Essentially retail shops and now DDO operate a two-tier system. One that appeals to people who are impulsive and a bit careless with money and one that appeals to the more careful spender.

At the end of the day they take money off both types by operating the two tiers.

Brian 'Psychochild' Green said...

What Stabs said The fancy term for this is "price discrimination", where you try to get people to pay the maximum they likely normally would.

I'm with Green Armadillo here. I started playing DDO with the Massively group and I threw down some cash to buy some points. I bought a bunch of adventure packs with them, and the Warforged race. (There's a sale on Monks this week, BTW.) Turbine was unlikely to get my money without an incentive like a sale and I spent a lot of points on adventure packs when they were discounted.

But, what Stabs said is right. They're probably banking on the fact that people will eventually want the shinies and won't have the patience to wait for a sale. So, they'll make some more money out of the majority of people who have poor impulse control. For the rest of us cheap bastards... I mean, thrifty shoppers, they'll get our cash when it seems like an unbelievably good deal. Sure, maybe some impulsive people might buy when the sales are on, but that's a small amount of money to lose in the long run. I'm sure they are happy to have any cash flow. And, as I said before, they're probably working on adding more content to get people to keep spending more money in the future.

At any rate, I'm enjoying it. And $50 isn't bad to spend on a game, especially when I have a regular group waiting for me on Wednesday nights. ;)

Green Armadillo said...

The difference here is that relatively few people are going to decide that they're not going to bother trying soda because they can get unlimited tap water at home and they can't be bothered to watch for sales. The perception that item shop games are all out to rip players off is actually deterring players from trying them. (Whether the players in question would have been nonpayers anyway is a separate question.)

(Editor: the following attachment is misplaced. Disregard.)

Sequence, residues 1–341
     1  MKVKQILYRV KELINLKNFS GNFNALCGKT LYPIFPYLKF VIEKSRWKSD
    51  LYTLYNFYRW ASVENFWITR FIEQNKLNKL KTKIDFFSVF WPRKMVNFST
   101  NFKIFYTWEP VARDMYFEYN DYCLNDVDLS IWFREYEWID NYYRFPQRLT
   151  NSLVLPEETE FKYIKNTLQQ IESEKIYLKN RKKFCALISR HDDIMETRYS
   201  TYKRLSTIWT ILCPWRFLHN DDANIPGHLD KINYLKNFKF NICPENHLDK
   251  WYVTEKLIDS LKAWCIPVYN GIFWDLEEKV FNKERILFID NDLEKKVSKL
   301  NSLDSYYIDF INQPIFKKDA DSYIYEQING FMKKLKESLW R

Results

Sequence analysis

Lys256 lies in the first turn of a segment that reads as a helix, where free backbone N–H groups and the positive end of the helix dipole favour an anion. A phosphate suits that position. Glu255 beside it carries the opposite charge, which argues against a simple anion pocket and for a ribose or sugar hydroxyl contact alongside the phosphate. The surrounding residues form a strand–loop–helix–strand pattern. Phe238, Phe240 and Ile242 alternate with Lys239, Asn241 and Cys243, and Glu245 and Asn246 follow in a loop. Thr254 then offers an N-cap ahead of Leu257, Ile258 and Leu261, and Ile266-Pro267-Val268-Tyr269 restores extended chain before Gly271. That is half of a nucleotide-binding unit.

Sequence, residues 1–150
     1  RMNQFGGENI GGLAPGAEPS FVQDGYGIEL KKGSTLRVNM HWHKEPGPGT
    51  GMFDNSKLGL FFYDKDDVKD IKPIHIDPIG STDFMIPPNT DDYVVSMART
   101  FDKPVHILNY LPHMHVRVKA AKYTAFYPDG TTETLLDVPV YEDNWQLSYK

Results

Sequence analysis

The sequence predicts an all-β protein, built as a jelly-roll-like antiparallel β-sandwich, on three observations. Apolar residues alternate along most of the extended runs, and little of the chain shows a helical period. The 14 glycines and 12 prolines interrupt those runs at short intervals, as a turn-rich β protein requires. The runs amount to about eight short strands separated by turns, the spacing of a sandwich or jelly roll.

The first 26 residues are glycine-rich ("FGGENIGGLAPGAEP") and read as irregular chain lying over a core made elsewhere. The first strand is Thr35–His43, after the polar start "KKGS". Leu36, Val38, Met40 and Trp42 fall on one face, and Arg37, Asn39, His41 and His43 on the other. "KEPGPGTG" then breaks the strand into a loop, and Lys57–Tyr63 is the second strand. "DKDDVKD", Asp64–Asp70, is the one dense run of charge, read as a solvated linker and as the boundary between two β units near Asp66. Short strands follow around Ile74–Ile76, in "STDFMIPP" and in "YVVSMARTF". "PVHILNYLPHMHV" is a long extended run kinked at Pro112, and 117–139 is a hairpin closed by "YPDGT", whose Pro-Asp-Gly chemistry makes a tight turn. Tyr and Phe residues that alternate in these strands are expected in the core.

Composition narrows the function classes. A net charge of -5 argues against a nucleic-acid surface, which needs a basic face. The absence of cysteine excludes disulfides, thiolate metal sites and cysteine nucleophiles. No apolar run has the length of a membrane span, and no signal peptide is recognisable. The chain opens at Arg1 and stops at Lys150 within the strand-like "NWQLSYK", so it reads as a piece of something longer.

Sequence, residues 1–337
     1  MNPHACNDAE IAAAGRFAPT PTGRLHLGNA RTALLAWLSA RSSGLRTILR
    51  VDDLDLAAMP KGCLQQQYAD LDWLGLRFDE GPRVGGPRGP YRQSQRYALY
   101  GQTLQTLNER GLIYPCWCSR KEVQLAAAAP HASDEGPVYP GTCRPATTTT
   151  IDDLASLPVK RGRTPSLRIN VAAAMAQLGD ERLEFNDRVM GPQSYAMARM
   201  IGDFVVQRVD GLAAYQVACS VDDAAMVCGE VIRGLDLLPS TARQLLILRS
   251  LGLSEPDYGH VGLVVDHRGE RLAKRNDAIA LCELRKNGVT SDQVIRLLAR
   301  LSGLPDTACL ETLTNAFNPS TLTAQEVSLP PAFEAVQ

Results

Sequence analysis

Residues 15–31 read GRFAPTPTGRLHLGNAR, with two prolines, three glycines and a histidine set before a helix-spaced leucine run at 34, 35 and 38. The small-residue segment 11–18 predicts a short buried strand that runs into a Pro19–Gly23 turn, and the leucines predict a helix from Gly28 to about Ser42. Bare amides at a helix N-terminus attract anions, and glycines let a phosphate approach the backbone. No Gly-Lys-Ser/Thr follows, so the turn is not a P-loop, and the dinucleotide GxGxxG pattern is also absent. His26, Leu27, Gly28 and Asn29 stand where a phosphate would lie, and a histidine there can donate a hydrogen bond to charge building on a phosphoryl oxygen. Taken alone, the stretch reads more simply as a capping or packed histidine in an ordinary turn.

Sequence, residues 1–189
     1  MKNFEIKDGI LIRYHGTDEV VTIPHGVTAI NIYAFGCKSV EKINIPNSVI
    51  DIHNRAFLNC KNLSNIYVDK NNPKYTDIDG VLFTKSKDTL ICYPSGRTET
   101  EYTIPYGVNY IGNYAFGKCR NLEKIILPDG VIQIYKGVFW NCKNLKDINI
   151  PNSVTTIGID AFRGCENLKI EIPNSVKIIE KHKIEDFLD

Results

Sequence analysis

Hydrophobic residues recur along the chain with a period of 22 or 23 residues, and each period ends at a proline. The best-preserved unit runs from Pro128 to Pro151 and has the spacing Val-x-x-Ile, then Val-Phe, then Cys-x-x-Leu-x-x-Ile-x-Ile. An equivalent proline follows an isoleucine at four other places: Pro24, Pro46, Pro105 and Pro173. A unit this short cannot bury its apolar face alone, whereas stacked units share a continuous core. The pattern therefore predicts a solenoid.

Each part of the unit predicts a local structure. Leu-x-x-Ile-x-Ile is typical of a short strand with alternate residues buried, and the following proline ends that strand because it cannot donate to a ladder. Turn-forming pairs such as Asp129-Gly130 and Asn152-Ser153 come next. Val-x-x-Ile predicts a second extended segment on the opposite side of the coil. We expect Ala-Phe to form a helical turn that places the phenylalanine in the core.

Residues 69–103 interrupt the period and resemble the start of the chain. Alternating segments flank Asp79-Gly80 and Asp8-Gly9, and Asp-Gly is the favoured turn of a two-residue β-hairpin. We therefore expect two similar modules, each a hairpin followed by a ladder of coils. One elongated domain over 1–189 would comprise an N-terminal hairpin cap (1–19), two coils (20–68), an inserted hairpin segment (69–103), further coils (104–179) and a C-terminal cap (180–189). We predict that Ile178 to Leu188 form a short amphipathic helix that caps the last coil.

Stabs said...

"The perception that item shop games are all out to rip players off is actually deterring players from trying them."

I think very few players share this perception. I don't.

I've played quite a lot of DDO since September. I've spent $50. I've hugely optimised my account unlocking over half the adventure packs. I'm overall very happy with the deal.

I've got much better value than 3 months of $15/month.

Next, as I said, it's a sliding scale. People who think spending $50 can spend $6. People who don't want to pay that can play for free.

Apart from the offerwall Turbine have handled their F2P scheme very sensitively with very little outrage over their price points.

I think you're just about the first person I've ever seen complain.

Coreus said...

I had the same experience in Steam the other day. I'd resolved to buy Trine after seeing a few videos of it and knowing that I always enjoy that kind of puzzle-y platformer, but upon loading it up in the Store saw that it had been discounted to $5 just the week before. This caused me to rethink my decision to spend the $20 to buy it and instead download the demo, which to be honest I wasn't terribly impressed with, finding the hybrid character/mouse controls fiddly and unintuitive.

I may well go back to it later and love it [and then buy it], but it is interesting that this shift in perceived value just from knowledge of a past discount cost the developer at least one full-price sale. Maybe they should consider removing past news articles informing people of the sales once they're over? =)